Rolled oats or oat flakes in wooden bowl and golden wheat ears on stone background. Top vi

Fiber content: 10.1 grams per 100 grams
Some fresh food feeders get a bit twitchy at the recommendation of a grain but we have to take a moment and just take in some facts rather than scaremongering that we face as pet parents. Click here to learn about the potential benefits of oats.

Oats have been successfully used to offer roughage for dogs with anal glands forever in a day, they do a good job.

You can mix small amounts of oats in a dry format into wet food and watch the poos to see how they go but don't add too many dry oats as you could create constipation.  You can also cook the oats in the same way you would for yourself and add to your dog's diet. Some pet parents also like to soak them overnight instead of cooking. How much to give is a bit of experimentation.  



Sliced Avocado

Fiber content: 6.7 grams per 100 grams
Ok, before you freak out, Avocado has been proven safe to consume! Click here to read the study. Obviously, you're just feeding the flesh, the same part you would eat!

Avocado is all kinds of awesome, it's a beautiful healthy fat!  See my comments on Nuts in relation to any cautions you may need to take with foods that are high in healthy fats.

There are no rules here as to how much to give, just a common-sense approach, start with a little and see if their poos stay happy and then build it up from there i.e. a medium dog would probably cope fine with 1-2 teaspoons 1-2 times per week ot just as an every now and then thing.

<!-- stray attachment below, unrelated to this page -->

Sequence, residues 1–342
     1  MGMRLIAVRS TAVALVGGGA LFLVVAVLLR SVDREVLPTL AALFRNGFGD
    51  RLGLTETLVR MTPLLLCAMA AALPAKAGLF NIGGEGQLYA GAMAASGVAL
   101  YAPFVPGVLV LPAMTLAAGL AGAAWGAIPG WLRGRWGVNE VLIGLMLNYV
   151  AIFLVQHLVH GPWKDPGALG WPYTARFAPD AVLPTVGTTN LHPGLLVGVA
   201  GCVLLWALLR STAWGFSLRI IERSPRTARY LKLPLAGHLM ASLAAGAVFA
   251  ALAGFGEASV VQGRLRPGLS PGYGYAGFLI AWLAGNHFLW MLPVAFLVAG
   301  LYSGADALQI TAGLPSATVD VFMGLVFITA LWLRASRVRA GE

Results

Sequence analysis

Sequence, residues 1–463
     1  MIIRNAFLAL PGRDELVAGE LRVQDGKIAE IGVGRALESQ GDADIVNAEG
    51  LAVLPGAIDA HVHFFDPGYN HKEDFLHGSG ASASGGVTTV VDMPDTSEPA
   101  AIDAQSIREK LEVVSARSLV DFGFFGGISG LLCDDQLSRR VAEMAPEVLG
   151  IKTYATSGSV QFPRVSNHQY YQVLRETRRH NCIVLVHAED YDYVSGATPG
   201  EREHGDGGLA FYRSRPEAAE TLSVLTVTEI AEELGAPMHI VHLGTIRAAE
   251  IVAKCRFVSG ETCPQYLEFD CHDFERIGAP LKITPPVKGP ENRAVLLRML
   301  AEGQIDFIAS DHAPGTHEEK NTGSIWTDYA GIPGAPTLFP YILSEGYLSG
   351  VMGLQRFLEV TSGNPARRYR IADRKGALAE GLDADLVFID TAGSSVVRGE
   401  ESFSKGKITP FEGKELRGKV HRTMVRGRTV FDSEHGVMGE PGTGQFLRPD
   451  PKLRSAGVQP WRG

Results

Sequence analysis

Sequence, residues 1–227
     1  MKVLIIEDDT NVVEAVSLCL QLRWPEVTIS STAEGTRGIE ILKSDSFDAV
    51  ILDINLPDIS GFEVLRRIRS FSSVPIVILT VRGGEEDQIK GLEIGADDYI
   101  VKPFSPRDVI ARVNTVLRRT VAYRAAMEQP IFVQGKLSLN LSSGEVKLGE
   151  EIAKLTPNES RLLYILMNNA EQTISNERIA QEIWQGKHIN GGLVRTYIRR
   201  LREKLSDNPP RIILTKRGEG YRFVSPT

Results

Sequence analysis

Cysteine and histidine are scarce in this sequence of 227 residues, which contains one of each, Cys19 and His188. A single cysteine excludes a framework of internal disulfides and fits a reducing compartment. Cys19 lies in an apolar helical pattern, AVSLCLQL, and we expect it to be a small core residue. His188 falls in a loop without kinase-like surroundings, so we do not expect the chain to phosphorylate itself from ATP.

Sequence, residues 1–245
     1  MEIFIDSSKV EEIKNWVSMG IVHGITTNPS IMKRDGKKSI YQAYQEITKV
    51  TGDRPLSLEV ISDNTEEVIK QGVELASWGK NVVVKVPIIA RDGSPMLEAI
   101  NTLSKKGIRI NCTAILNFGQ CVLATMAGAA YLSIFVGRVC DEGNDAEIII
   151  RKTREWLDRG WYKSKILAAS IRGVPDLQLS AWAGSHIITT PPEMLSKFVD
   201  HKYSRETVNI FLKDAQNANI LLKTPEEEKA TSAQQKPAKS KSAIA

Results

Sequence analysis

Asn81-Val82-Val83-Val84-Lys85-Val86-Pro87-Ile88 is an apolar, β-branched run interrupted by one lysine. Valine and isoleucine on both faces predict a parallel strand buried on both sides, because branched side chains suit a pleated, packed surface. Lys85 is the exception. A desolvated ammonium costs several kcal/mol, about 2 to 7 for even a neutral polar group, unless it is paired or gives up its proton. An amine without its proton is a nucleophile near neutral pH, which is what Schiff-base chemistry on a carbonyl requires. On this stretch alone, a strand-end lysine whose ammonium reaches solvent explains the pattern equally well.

Image by Artie Kostenko

Fiber content: 8 grams per 100 grams
Peas are an interesting creature, they're a good source of Zinc! Zinc is a hard to find nutrient in the fresh food diet and we often have to turn to shellfish to get it such as Oysters.  Just 5 grams per kilo of food balances the Zinc!!!  I usually add around 20g per kilo of food if I'm not obtaining Zinc from another source.

Be sure to smoosh them so they are bioavailable.  I think the best way to prepare peas is to boil and then smoosh.


Heap of psyllium husk in wooden spoon and bowl on table. Psyllium husk also called isabgol

Psyllium Husks 
Fiber content: 89.1 grams per 100 grams
Psyllium Husks are one of the most common forms of fibre humans use when they get a bit blocked up but it can be used simply to maintain a healthy digestive system. Your local supermarket and health food store will stock psyllium husks. 

Click here to learn about how much to give, look under 'fibre' - start low!


Image by Iñigo De la Maza

We recommend feeding a variety of fruit and vegetables on rotation and not just the above listed higher in fibre foods - this way, not only does your dog get a range of different types of fibre but they get different nutrients and tastes :)